MICHAEL S SCHMIDT & ERIC SCHMITT
THE Russian government declined to provide the FBI with information about one of the Boston Marathon bombing suspects that would most likely have led to more extensive scrutiny of him at least two years before the attack, according to an inspector general’s report.
Russian officials had told the FBI in 2011 that the suspect, Tamerlan Tsarnaev, “was a follower of radical Islam and a strong believer” and that Tsarnaev “had changed drastically since 2010 as he prepared to leave the United States for travel to the country’s region to join unspecified underground groups.”
But after an initial investigation by the FBI, the Russians declined several requests for additional information about Tsarnaev, according to the report, a review of how intelligence and law enforcement agencies could have thwarted the bombing.
At the time, American law enforcement officials believed that Tsarnaev posed a far greater threat to Russia.
The new inspector general’s report found that it was only after the bombing occurred last April that the Russians shared with the FBI the additional intelligence, including information from a telephone conversation the Russian authorities had intercepted between Tsarnaev and his mother in which they discussed Islamic jihad.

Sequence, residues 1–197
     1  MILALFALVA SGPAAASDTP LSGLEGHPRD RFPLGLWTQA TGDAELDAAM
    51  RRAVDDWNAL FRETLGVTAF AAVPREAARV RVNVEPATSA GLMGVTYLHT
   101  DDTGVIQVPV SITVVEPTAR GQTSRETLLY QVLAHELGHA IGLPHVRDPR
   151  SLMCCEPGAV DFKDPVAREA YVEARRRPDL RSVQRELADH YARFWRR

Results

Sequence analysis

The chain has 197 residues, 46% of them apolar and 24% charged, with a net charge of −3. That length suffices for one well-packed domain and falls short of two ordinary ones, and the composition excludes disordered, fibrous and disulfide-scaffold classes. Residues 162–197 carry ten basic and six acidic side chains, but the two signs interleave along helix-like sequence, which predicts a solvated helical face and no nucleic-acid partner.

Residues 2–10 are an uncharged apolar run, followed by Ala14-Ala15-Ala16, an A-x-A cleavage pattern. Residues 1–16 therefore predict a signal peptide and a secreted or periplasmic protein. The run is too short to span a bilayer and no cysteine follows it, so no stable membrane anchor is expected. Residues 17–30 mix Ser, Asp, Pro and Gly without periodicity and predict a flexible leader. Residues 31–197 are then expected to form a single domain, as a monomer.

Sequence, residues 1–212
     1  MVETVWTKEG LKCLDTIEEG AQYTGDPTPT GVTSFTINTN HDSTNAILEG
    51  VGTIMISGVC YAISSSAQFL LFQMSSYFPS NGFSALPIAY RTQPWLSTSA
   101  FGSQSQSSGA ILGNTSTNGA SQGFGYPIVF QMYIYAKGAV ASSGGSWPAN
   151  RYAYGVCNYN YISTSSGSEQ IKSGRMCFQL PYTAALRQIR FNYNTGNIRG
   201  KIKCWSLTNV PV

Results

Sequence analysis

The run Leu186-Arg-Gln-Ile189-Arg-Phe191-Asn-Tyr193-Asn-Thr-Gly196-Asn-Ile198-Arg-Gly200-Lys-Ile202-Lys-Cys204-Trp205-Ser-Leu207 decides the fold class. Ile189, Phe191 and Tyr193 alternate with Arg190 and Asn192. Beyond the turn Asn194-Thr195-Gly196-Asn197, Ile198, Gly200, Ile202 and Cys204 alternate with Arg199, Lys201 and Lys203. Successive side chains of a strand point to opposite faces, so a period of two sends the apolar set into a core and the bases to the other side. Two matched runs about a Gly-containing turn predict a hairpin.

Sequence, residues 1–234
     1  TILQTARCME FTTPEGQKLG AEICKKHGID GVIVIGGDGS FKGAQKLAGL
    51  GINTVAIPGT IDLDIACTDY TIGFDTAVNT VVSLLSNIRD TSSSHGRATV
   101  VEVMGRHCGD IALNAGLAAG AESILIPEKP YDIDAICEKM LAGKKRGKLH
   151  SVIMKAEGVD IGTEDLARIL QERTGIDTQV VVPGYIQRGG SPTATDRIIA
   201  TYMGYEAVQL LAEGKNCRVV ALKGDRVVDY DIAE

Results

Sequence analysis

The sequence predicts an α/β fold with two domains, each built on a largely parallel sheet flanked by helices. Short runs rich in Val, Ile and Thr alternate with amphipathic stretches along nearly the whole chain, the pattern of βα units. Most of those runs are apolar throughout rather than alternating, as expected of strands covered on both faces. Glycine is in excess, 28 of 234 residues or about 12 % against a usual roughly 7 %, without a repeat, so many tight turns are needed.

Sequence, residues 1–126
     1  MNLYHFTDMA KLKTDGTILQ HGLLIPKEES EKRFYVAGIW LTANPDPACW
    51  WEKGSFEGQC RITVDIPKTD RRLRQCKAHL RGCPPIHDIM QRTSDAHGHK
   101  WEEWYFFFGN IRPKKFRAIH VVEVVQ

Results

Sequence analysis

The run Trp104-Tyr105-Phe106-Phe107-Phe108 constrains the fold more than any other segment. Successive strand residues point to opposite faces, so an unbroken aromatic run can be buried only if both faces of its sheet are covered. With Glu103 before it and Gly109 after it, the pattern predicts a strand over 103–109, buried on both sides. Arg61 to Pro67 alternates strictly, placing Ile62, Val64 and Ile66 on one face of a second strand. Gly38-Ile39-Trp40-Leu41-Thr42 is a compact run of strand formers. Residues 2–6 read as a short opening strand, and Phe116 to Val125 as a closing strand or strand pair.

“They found that the Russians did not provide all the information that they had on him back then, and based on everything that was available the FBI did all that it could,” said a senior American official briefed on the review.
Tsarnaev, who was killed attempting to elude the police, and his brother, Dzhokhar, are believed to be the sole suspects in the attack, which killed three people and injured more than 200 near the marathon’s finish line. The Justice Department said in January it would seek the death penalty against Dzhokhar Tsarnaev.
Federal authorities have uncovered little evidence tying the brothers to an international terrorist organization. FBI agents who travelled to Dagestan, a region in Russia’s North Caucasus where Tamerlan Tsarnaev went in 2012 during a particularly violent period there, found nothing that showed he received training or encouragement from terrorists.
“At this point it looks like they were homegrown violent extremists,” the official said. “We certainly aren’t in a position to rule anything out, but at this point we haven’t found anything substantive that ties them to a terrorist group.”
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